For algorithms for approximations I can't do without Hart's Computer Approximations and Muller's Elementary Functions.

No book comes close to Wiegers' Software Requirements for this most important part of any project.

Sampling Theory and Analog-to-Digital Conversion by Jungwirth is a solid guide to these issues. Lots of math, but if you're willing to plow though it you'll learn a lot.

Humphrey's A Discipline for Software Engineering or his Introduction to the Personal Software Process are, in my opinion, the most important books written about software engineering, but few will like his prescriptions.

Fan's Real-Time Embedded Systems is a very complete and heavy read with lots of worthwhile info.

As one who thinks code should be readable and beautiful, Boswell and Foucher's The Art of Readable Code is great and a fast read. Also recommended is Stavely's Writing in Software Development.

Agile! by Meyer is one of the most honest looks at this discipline.

Embedded Systems Security by father and son duo Kleidermachers is important for those engaged in that important area.

C For Everyone by Man and Willrich is an excellent book on the language. The C Programming Language by Kernighan and Ritchie is the classic, though dated, reference.

DeMarco and Lister's Peopleware is the most important book around about productivity in software engineering.

What books do you consider essential?

Failure of the Week

From Chris Lawson:

Chris writes: The current temperature was evidently "Negative Zero, with a forecasted low of Eight".  Yikes! That's all sorts of wrong. Dear software engineers (including myself), please remove the negative sign when converting a floating-point number, and the resulting integer is ZERO. There's no such thing as "negative zero," unless of course, you're calculating limits. Also, when the current HIGH or LOW exceeds the forecasted value, why not just update the prediction in real time?!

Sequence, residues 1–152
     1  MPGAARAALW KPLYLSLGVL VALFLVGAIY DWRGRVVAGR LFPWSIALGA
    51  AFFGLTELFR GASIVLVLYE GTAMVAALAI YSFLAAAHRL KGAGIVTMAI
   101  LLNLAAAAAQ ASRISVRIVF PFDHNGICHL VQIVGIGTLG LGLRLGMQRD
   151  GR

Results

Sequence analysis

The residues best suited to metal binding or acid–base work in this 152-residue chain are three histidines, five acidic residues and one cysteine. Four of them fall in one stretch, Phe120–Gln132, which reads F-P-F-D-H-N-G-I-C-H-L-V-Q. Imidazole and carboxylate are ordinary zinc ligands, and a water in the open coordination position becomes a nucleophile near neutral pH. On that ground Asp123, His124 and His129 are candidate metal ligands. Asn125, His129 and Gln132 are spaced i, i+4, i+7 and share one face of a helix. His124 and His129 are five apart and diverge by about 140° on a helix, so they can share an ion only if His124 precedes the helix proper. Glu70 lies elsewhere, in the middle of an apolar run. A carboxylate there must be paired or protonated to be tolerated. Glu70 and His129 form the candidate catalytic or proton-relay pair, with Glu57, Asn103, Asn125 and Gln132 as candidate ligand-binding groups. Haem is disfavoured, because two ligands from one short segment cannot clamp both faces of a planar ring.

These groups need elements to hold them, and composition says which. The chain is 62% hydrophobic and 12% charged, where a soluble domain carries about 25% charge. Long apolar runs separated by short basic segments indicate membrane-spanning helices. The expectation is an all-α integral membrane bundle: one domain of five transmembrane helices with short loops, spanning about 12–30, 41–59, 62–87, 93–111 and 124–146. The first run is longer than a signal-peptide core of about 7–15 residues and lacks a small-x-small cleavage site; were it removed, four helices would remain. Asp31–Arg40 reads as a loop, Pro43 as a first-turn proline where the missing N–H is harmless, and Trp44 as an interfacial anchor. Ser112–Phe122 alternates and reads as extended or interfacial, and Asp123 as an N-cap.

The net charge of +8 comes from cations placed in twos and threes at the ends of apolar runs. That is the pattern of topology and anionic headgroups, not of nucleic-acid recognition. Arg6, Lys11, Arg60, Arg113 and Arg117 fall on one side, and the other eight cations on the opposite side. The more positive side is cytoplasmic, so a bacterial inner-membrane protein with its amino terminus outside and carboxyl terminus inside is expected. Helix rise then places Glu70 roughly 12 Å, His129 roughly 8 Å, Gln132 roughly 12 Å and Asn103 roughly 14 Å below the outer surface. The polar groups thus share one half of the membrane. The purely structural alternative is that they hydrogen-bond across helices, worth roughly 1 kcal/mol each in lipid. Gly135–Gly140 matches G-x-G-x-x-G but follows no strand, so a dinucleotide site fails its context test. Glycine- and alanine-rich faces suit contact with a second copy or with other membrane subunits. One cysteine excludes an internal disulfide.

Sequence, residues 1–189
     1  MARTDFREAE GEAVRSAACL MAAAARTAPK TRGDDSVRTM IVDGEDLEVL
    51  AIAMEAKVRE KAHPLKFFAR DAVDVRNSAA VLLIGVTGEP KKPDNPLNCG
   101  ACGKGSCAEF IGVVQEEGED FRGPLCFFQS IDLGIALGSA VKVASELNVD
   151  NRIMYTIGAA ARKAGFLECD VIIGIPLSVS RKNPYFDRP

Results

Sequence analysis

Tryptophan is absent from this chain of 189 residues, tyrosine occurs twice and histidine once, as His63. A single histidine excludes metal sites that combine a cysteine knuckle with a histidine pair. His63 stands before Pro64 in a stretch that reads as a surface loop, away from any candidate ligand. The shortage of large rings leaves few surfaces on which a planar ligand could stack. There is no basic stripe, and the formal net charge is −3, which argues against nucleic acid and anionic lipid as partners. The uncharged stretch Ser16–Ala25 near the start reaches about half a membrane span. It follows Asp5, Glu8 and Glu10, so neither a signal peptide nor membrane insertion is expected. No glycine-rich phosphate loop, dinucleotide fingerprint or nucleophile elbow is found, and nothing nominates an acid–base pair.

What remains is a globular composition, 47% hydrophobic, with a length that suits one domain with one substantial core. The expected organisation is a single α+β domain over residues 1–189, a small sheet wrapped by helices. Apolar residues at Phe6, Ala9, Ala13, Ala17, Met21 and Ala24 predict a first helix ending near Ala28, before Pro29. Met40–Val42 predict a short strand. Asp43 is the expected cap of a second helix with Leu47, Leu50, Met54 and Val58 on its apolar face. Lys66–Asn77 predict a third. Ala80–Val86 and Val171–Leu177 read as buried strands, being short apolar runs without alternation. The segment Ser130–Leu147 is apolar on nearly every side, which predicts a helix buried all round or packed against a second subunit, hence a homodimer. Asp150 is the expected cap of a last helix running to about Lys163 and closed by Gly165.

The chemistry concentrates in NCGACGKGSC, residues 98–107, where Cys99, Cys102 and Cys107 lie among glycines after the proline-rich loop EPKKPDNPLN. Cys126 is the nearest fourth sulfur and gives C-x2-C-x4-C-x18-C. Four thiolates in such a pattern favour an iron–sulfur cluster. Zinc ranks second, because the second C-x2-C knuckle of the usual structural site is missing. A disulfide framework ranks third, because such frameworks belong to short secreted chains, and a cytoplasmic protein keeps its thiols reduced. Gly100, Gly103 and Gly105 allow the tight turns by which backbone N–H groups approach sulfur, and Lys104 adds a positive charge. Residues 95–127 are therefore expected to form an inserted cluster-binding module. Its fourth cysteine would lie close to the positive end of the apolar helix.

Jack notes: Of course, ones complement math does support negative zero, which is one reason we don't use it anymore.

This Week's Cool Product

580 TB in one tape cartridge. Tape is back!

Note: This section is about something I personally find cool, interesting or important and want to pass along to readers. It is not influenced by vendors.


Let me know if you’re hiring embedded engineers. No recruiters please, and I reserve the right to edit ads to fit the format and intent of this newsletter. Please keep it to 100 words. There is no charge for a job ad.

Joke For The Week

These jokes are archived here.

The oldest computer can be traced back to Adam and Eve.
It was an apple, but with extremely limited memory. Just 1 byte.
And then everything crashed ...

About The Embedded Muse

The Embedded Muse is Jack Ganssle's newsletter. Send complaints, comments, and contributions to me at jack@ganssle.com.

The Embedded Muse is supported by The Ganssle Group, whose mission is to help embedded folks get better products to market faster.